The CryptoClub Project in the Learning Sciences Research Institute at the University of Illinois at Chicago develops classroom and web-based materials to teach cryptography and related mathematics to middle school students in informal settings. During a typical session, students are introduced to a cipher (method of encrypting) and then practice it through games and activities that involve secret messages. In some activities, students move around—for example, in a treasure hunt, they follow a trail of encrypted clues around the school to find a hidden treasure; and in a relay race, teams run back and forth, competing to be the first to gather and decrypt the parts of a secret message. In other activities, students sit quietly and think deeply about patterns that might help to break a code. In addition to cryptography, CryptoClub applies mathematics topics from the middle school curriculum, such as decimals and percentages, division with remainder, common factors, and negative numbers. It also applies pre-algebra skills, such as pattern recognition and problem solving. CryptoClub offers many opportunities for students to develop the mathematical habits listed in Standards for Mathematical Practice from the Common Core State Standards.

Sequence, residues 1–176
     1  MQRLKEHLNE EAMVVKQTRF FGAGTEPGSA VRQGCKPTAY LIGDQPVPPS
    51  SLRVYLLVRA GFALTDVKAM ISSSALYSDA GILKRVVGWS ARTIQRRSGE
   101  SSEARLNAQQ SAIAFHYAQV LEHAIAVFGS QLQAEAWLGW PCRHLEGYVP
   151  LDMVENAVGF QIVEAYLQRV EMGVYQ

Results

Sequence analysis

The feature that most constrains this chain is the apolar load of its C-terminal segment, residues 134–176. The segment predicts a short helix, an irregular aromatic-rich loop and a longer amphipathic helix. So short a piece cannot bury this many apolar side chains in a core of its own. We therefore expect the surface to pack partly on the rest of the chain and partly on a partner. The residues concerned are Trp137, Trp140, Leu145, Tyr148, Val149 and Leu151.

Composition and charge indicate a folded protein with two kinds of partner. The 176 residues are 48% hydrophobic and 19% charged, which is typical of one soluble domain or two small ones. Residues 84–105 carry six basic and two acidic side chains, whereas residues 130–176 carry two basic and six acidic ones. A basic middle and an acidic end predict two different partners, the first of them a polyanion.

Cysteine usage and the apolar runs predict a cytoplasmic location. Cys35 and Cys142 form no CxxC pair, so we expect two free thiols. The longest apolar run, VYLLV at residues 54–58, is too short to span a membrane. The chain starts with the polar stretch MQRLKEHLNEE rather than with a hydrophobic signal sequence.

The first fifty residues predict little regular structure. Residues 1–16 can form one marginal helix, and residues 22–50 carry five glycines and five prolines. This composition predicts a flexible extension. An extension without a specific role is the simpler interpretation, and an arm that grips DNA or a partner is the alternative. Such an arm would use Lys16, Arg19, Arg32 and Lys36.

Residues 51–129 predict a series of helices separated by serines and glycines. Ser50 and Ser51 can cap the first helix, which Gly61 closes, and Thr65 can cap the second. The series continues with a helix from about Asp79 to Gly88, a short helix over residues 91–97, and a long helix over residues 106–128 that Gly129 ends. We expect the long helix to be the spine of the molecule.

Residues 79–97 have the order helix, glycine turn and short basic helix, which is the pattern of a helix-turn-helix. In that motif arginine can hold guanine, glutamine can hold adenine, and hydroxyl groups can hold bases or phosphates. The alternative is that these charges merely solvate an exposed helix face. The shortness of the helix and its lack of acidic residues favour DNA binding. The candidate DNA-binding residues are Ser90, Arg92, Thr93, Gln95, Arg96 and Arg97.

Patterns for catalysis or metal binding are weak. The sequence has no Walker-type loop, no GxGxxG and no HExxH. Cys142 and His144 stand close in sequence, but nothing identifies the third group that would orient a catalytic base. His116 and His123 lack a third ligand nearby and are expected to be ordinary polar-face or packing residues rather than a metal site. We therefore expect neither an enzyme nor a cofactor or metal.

Each month we publish blogs and several newsletters full of
digital learning, funding, professional growth, social media, and STEM
resources. Below are items from our blogs and newsletters that educators turned
to the most in 2018.
The nonprofit Khan Academy has launched Khan Academy Kids for early learners (aged 2–5). The education app includes thousands of original activities, books, videos, and lessons, and combines subjects such as math and reading with creative activities.
The Botball Educational Robotics Program engages middle school and high school students in a team-oriented robotics competition and serves as a way to meet the Next Generation Science and Common Core Standards.